Scotland is set to tighten food production laws to protect consumers in the wake of the horsemeat scandal.

The legislation – to be included in the Scottish Government’s Food Standards Scotland Bill that will create the new food body for Scotland – will give officers enforcement powers to seize food that does not meet food standards or labelling rules.

It will also be compulsory to report non-compliance with food standards regulations which cover food fraud, according to a statement released by the Scottish Government.

The move is one of a range of measures announced in response to two expert group reports that were commissioned in February as the horsemeat scandal was unfolding.

The groups led by former chief vet Jim Scudamore and Scotland Food and Drink chairman Ray Jones, looked at food and feed safety standards traceability and labelling in the red meat sector.

Other immediate action taken by the Scottish Government and partners includes:

  • Additional Food Standards Agency (FSA) Scotland funding to extend meat testing, with work underway to enable the identification of Scotch branded beef in future.
  • The preparation of additional guidance on public sector food procurement in Scotland.
  • Asking retailers for more clarity in how they label red meat products as Scottish.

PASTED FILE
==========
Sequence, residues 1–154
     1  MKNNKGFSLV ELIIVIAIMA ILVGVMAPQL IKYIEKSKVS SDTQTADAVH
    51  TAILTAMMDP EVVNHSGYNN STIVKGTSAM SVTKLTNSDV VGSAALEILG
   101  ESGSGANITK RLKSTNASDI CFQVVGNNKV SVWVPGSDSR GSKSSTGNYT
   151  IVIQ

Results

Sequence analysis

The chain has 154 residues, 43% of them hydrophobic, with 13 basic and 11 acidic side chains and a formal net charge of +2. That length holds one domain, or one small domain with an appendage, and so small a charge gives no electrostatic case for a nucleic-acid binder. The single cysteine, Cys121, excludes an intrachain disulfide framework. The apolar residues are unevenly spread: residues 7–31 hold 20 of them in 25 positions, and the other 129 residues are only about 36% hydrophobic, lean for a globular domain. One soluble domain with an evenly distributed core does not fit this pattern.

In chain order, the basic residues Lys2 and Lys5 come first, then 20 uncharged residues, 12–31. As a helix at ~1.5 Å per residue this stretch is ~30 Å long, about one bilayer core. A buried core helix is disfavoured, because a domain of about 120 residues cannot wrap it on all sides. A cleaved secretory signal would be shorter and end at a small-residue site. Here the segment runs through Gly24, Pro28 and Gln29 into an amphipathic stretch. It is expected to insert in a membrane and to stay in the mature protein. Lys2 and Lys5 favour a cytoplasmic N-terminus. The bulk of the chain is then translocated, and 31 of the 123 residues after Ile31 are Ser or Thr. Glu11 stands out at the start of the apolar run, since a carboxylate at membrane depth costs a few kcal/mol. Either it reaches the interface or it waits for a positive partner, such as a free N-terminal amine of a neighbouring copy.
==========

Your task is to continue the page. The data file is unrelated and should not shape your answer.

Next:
• £1 million extra support given earlier this year to Quality Meat Scotland to strengthen consumer awareness of the provenance that underpins the Scotch label.
  • A further £1 million investment, also announced earlier this year, for the development of a multi species livestock database to improve traceability.

Scotland’s public health minister Michael Matheson welcomed the expert group reports.

“The horsemeat scandal severely dented consumer confidence here in Scotland and across Europe.

We need to be able to trust the food we buy. We must know what is in our food and it must be safe to eat,” Mr Matheson said.

“Our vision for Scotland’s new food body is that its primary focus will be consumer protection. It will make sure food in Scotland is safe to eat and it will improve the diet and nutrition of people in Scotland. Given the importance of food safety, and the value of the Scottish food industry to our economy, we must ensure we have a robust regulatory regime for food in Scotland,” he added.

For more on this topic

More on the horsemeat scandal

Ray Jones’ report recommendations

Jim Scudamore report in full